We just witnessed Kansas City win the Super Bowl when their best wide receiver was Rashee Rice. He’ll have another year under his belt, the Chiefs will bring in new players — and the defense can keep building to the point where this team could easily be the best in the league on both sides of the ball in a year.
This team just doesn’t set a foot wrong when it comes to personnel decision making, and this is the fruit of those labors.
No. 3: Patrick Mahomes
When you have the best quarterback in the league, the best of his era, and maybe the greatest of all time, it allows for a hell of a lot of wiggle room to have deficiencies in other areas.
Mahomes is in his own tier among NFL quarterbacks, and there’s literally nothing he’s bad at. He can push the ball downfield for the big play, take what defenses give him, be clutch when it’s needed, put the game on his back without it ever feeling like it’s too much for Mahomes to bear. The man is a phenom, and when you have that kind of difference maker at the most important position in the game you can never, ever write them off.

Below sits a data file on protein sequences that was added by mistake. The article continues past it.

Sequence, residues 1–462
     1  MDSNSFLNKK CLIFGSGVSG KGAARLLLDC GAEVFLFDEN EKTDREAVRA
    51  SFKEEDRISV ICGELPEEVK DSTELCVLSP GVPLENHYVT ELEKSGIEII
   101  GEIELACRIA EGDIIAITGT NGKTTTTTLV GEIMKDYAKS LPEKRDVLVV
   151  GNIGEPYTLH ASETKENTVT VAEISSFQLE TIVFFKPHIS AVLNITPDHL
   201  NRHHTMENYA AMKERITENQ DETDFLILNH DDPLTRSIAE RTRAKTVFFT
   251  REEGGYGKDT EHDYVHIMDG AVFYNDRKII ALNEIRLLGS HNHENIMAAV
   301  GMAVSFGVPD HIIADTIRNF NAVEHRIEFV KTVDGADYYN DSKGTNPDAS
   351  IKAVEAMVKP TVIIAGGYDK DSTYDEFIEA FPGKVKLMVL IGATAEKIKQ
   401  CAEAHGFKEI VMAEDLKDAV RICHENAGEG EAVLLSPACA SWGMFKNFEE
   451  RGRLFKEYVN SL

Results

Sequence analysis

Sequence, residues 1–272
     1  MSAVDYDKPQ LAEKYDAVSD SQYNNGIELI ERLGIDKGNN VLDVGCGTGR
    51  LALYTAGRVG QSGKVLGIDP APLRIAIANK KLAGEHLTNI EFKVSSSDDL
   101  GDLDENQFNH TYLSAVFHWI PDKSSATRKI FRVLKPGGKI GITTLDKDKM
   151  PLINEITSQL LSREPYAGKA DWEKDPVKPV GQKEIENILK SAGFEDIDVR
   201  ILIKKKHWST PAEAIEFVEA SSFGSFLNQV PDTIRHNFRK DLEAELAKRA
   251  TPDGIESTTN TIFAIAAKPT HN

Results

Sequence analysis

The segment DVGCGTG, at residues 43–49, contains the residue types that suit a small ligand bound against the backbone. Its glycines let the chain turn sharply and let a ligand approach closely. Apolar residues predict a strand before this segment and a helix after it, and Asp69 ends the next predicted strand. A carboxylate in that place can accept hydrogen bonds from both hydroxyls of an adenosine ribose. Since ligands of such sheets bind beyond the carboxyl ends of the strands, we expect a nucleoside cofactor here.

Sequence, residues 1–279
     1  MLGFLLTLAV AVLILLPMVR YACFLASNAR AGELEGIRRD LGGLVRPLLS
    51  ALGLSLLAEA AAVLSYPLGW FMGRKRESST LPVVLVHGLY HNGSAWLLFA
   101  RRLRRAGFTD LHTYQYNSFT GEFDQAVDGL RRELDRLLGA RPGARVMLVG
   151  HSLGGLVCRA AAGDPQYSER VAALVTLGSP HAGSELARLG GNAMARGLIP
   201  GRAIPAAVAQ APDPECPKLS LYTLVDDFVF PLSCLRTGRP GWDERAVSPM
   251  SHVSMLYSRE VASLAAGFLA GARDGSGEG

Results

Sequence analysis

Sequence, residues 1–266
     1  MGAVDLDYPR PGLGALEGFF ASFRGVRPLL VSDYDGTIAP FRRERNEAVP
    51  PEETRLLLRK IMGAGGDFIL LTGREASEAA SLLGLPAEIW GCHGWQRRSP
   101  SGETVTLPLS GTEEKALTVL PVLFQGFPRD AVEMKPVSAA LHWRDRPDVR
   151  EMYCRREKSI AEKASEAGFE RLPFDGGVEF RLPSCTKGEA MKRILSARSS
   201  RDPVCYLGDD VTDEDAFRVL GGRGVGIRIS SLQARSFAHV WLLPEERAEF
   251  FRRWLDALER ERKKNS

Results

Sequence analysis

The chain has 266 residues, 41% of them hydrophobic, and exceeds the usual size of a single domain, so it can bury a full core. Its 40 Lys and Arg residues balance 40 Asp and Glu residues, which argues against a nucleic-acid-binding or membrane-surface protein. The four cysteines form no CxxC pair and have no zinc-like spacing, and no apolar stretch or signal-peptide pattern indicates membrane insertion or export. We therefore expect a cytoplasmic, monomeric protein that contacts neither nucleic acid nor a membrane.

It’s more than just “writing them off” though, because Mahomes is so good, so transcendent that he makes the Chiefs the favorite by default. We had back-to-back years where the expectation was “well, now they’ve pushed him too far” and he casually went and won back-to-back rings.
This is Mahomes’ league, and everyone else has to find a way to exist in it.
Three reasons the Chiefs will fall short
No. 1: The AFC remains a gauntlet
Look around the rest of the AFC.
This is still a deeply-talented conference.
In the AFC West alone, you now have Jim Harbaugh getting to work with Justin Herbert in Los Angeles. While the Las Vegas Raiders and Denver Broncos have quarterback situations to figure you, those fanbases have some hope heading into the offseason, and the Raiders did manage to stun the Chiefs on Christmas Day, leading many to wonder just how deep the Chiefs could go in the playoffs.
Then in the rest of the conference you still have the Buffalo Bills and the Miami Dolphins in the East, a host of teams that will be tough in the AFC North, and what could be another emerging power in the AFC South in the Houston Texans.